Sudanese Archbishop Says Anti-Peace Forces Behind Killings in South

02 September 2009

The archbishop of the Episcopal Church in Sudan says some of the tribal killings in South Sudan are not from cattle raids as reported, but are well-organized attacks against villagers. The archbishop says he fears the militias are being funded by outsiders who wish to to see the South's independence referendum fail.

Juba-based Archbishop Daniel Deng told VOA some of the recent attacks have been executed by well-trained, uniformed militias carrying automatic weapons.

He accuses enemies of Sudan's peace agreement of being behind the killings.

"This is not a tribal fight. It is somebody somewhere organizing these people to disturb the [Comprehensive Peace Agreement]. Those not interested in peace are the ones doing this," he said.

The archbishop warns the peace agreement signed between the North and South could be in danger if the attacks continue escalating. The peace deal calls for national elections to be held next year, followed by a Southern independence referendum in January 2011.

"It is a way of telling the people, 'Well, there is insecurity in the country, so we can not go for elections,'" he added.

A U.N. official in South Sudan says inter-tribal violence had killed 1,200 and displaced 250,000 since January.

Archbishop Deng specifically pointed to a raid late last week in the Wernyol town in Jonglei state in which 40 people were killed, including a church official who was shot at the altar during a morning service.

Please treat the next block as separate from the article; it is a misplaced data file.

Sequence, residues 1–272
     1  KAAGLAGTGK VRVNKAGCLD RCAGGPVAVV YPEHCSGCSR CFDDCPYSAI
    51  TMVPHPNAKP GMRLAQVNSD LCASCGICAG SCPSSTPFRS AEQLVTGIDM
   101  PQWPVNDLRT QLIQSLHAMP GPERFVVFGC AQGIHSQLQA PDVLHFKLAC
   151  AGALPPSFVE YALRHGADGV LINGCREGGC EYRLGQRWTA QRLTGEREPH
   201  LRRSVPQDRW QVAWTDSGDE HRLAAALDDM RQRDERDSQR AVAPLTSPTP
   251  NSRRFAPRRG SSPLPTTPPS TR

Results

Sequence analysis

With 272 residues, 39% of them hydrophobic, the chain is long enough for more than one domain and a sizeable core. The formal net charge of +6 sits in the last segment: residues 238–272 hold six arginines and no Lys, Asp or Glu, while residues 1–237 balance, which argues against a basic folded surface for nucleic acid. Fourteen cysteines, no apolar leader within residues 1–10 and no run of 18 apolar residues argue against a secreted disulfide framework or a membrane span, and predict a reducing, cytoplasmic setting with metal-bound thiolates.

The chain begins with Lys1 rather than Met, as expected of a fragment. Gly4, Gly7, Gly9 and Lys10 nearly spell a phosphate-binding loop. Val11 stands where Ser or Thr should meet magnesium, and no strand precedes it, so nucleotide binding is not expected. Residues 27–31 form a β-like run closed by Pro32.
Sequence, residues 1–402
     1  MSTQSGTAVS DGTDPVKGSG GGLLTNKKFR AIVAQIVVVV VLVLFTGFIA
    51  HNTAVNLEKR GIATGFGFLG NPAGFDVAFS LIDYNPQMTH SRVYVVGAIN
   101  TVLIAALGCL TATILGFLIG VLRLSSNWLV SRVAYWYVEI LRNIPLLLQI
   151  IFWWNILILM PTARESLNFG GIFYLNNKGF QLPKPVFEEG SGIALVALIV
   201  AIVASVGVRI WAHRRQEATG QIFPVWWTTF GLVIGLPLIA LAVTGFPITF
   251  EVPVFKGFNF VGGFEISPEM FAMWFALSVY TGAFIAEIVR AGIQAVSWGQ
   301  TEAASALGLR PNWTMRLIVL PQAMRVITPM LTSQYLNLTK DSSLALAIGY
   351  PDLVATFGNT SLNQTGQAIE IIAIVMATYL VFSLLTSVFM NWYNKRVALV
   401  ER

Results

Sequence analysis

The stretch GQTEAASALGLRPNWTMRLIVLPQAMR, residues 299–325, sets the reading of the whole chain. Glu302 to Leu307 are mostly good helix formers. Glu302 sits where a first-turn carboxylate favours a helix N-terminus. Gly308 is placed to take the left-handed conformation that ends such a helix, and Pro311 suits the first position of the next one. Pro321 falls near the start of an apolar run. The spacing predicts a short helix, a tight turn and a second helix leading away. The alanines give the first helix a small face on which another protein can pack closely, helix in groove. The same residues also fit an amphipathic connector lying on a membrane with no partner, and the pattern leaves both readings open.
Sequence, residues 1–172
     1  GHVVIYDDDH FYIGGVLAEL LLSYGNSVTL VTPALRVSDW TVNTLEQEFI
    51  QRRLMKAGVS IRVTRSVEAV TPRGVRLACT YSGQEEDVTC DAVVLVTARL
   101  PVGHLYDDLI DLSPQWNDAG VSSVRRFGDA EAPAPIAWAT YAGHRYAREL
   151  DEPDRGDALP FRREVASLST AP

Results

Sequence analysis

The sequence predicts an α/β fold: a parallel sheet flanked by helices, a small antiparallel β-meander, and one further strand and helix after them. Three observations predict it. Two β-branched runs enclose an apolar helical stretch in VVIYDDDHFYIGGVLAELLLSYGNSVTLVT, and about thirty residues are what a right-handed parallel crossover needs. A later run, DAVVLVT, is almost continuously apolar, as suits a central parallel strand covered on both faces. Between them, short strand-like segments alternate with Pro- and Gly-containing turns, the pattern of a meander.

Children play in a Nuer cattle camp outside the southern Sudanese town of Nassir in Upper Nile state (File)
Children play in a Nuer cattle camp outside the southern Sudanese town of Nassir in Upper Nile state (File)
Media reports have blamed most of the recent violence in the South on traditional cattle raids between tribes. But Archbishop Deng says that these militias ignored the cattle and went straight to the town.

Cattle raids are especially a common annual occurrence between the pastoral tribes in the region. But this year's violence has been markedly more intense than in previous years, especially in Sudan's Jonglei State.

Senior officials of the South's leading party, the Sudan People's Liberation Movement, have accused Khartoum of arming groups in the South in an attempt to breed inter-tribal conflict and derail the peace timetables. Khartoum has denied the accusations.

The United Nations has also expressed concern the recent insecurity is threatening the viability of conducting safe elections next year. A U.N. official in South Sudan has accused the South's semi-autonomous government of doing little to disarm militias.

The North and South are at continuing odds over the implementation of key pieces of peace agreement signed in 2005. Although the two sides last month signed a U.S.-mediated document ironing out some of their disputes, the two are still bickering over a crucial referendum bill and the results of a national census used to determine regional voting powers.

The secretary general of the South's SPLM has threatened that the South could declare independence unilaterally if the two can not agree on the details of the referendum bill by the end of this year.